2023 Honda Civic Type R officially unveiled

The FK8 is gone. Long live the new FL5

By John Howell / Thursday, 21 July 2022 / Loading comments

There’s big news coming out of America. No, not Musk vs Twitter. Bigger even than that. You’ve heard the phrase ‘The king is dead, long live the king!’? Well, it’s fitting here. In November 2021 we said goodbye to the fantastic FK8 Honda Civic Type R. Now we’re welcoming it back, but, like Doctor Who, it’s regenerated into the mostly new FL5.

At this very moment – assuming you were excited enough to set your alarm for 3am – Indycar driver Colt Herta and a select group of interested parties in Los Angles are unwrapping the 2023 Civic Type R – the sixth generation of the little high-revving VTEC wunderkind that first arrived 25 years ago.

“Even in this “year of the Honda SUV,” it’s great to be part of a brand that remains focused on the thrilling performance and joy of driving delivered by the all-new Civic Type R,” noted Mike Kistemaker, assistant, vice president of Honda sales at American Honda. “Type R is about more than speed, power and handling. It’s how a great car makes you feel that really matters and that’s what the all-new Civic Type R is all about.”

Amen to that, Mike. The old car did make you feel great. And if the FL5 can match it, most would consider that job done in a world of ever-increasing regulation. If it exceeds the FK8’s talents then we may have a meltdown. It was still the best front-wheel-drive hot hatch you could buy on its last day on sale. The omens that the new model will be even better are good. Very good.

The FL5 has already beaten one benchmark set by the ultimate FK8, which was the 2021 Type R Limited Edition. In testing at Honda’s legendary Suzuka Circuit – back on the Formula 1 calendar this October for the first time since Covid struck, by the way – the FL5 set a new lap record for a front-wheel-drive car. It went round the full 3.6-mile Grand Prix figure-of-eight track in 2 minutes and 23.120 seconds. We also know the FL5 improved steering and suspension has been tuned and tested at the Nürburgring, because the launch video shows as much – although we don’t have a production car time as yet.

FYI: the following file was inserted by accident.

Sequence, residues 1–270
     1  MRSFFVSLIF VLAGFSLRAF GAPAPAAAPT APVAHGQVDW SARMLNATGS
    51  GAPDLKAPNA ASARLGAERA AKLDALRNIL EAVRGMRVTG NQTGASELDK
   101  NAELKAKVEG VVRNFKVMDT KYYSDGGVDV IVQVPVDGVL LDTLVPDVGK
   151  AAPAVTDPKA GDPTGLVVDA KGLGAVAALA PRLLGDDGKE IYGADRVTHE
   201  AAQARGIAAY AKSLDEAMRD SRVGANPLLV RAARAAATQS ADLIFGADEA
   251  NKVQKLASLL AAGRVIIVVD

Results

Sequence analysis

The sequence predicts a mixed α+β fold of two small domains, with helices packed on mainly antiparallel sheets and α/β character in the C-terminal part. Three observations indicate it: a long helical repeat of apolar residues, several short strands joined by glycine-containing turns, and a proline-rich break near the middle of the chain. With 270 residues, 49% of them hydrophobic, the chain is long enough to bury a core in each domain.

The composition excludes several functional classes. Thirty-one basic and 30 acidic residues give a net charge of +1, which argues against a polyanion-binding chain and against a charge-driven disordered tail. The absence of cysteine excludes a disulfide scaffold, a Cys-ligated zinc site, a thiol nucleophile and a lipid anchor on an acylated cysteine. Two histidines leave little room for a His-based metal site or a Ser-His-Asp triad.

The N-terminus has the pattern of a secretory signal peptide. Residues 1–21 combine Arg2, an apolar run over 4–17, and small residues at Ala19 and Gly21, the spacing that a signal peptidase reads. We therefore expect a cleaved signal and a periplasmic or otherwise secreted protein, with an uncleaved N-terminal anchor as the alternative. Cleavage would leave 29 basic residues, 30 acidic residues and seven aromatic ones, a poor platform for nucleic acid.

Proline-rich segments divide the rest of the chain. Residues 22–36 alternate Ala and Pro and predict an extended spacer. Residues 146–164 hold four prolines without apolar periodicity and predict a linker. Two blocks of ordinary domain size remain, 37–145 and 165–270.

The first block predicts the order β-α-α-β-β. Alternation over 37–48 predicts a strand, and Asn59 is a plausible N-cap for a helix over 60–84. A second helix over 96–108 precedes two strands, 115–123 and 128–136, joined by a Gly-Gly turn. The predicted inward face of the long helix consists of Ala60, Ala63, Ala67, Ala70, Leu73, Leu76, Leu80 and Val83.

Nor do we know a number of the other finer details. But we know one of the biggies. Finally, we can tell you for sure that the 2.0-litre KC20 screamer is back. The proof is right there in the pictures with a shot of it under the bonnet. While the rest of the 2022 Civic range has gone hybrid, Honda has not let Type R fans down by diluting its legacy with any of that electrified nonsense. That does mean you shouldn’t expect big gains in power or torque. Peak power is yet to be disclosed, but it’s unlikely to be vastly more than the 320hp the last car made. We can see from the rev counter that maximum revs still sit at around 7,000rpm, so it’s really down to how much they could turn up the boost and tweak the fuelling. The great news is that the engine is still paired with a six-speed manual, which, last time out, was arguably one of the best manual shifts on sale at any price. As before, it comes with rev-matching, for those that lack confidence in their heels and toes, and there’s a limited-slip diff to magic the torque to the road.